Tuesday, June 1, 2010

'City' Farmer

Tomato plants

Last summer we visited Old Sturbridge Village with my brother, his wife, and their 2 kids (the ones that gave me the name Uncle Tractor).  If you haven't been there, it is a re-creation of an early 19th century New England village.  We listened to the workers (in period clothing) discussing their garden, when one visitor asked "Where are your tomato plants?".  The workers responded "You must be a city dweller.  Only they would grow tomatoes!"

Well, I must be a city farmer.  We don't grow a large garden.  My real job keeps me busy enough.  So, I grow what I like - and I like tomatoes.

We buy our plants from a local nursery. As usual, we grow mainly roma tomatoes, though we always grow a few slicing tomatoes.  This year I'd thought I'd try an heirloom variety - Old German.

I am, a lazy gardener.  I till the garden bed, and then spread weed fabric over the entire bed.  I place old boards on the fabric to hold it down and to give a place to stand when working in the garden.  I then slit X's in the fabric, and plant the tomatoes in the openings.  The black fabric keeps the weeds down, holds in moisture, and absorbs the sun to keep the beds warm.  This year, we put in 10 roma plants and 3 Old Germans.  I also put 3 other Old Germans in pots along with some more roma tomatoes.  This should give us enough tomatoes to have fresh tomatoes during the late summer and store away many quarts to tomatoes to have during the coming year.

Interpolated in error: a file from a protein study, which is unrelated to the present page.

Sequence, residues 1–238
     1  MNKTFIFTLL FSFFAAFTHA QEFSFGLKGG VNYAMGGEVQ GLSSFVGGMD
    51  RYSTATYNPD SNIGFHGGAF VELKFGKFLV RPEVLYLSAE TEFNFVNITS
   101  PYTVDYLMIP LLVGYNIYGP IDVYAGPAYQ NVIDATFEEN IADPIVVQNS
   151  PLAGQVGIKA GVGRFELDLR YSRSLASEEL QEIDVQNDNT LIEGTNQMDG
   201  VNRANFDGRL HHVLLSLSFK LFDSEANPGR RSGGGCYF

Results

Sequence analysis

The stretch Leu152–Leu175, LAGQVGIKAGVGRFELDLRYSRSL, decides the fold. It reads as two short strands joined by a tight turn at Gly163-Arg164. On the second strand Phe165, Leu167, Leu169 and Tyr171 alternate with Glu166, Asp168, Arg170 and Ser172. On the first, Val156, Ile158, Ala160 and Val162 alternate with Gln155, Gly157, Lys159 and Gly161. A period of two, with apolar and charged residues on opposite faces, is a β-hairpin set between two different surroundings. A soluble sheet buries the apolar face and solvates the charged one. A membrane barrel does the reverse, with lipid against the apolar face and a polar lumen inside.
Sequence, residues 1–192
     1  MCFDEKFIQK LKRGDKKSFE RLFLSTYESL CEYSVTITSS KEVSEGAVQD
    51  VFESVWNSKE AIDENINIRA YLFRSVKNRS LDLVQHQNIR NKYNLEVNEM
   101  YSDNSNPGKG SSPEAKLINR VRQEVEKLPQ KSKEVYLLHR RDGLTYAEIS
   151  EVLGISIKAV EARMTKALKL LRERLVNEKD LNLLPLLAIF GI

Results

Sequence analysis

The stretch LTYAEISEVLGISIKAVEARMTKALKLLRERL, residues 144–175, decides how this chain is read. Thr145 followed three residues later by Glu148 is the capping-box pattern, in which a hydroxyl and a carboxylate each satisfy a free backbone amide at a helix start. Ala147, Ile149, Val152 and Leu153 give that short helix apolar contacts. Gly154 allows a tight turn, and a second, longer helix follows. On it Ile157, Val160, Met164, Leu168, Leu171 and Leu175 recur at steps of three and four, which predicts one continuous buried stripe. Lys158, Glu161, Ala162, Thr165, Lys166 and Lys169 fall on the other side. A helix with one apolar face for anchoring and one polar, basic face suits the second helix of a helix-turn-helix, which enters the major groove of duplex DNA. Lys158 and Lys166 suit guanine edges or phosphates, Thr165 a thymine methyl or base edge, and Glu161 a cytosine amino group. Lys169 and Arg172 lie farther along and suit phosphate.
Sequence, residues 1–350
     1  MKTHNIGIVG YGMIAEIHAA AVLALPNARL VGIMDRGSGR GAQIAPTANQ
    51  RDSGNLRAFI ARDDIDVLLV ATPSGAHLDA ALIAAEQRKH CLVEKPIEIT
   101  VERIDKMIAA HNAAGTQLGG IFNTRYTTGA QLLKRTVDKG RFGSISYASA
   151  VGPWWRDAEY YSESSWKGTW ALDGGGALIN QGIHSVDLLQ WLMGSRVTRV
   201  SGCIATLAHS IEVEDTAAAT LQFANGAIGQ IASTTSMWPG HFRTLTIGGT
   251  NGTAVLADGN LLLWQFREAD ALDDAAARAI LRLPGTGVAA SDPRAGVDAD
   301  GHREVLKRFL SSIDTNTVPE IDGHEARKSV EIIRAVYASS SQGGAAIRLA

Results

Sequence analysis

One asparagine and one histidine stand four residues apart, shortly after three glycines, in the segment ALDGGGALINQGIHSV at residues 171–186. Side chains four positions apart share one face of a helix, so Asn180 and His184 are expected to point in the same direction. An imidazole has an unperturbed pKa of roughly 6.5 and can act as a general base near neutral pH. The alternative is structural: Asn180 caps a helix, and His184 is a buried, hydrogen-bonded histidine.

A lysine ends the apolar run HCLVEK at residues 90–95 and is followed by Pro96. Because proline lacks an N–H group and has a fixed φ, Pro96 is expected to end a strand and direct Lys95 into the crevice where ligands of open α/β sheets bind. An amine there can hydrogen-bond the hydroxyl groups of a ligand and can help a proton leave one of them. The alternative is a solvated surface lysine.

I hope the tomato crop is better than last year.  It was cold and wet last year, and the tomato plants just  stayed dormant.  The hotter the better when it comes to tomatoes.

I'm not sure what other plants we will grow.  We always do some herbs (though we grow quite a few indoors already) and beans.  One of these years this 'city' farmer will get serious and expand the garden to include enough corn and beans to freeze.  The wife would also like to grow garlic and a lot of peppers.  Only time will tell...

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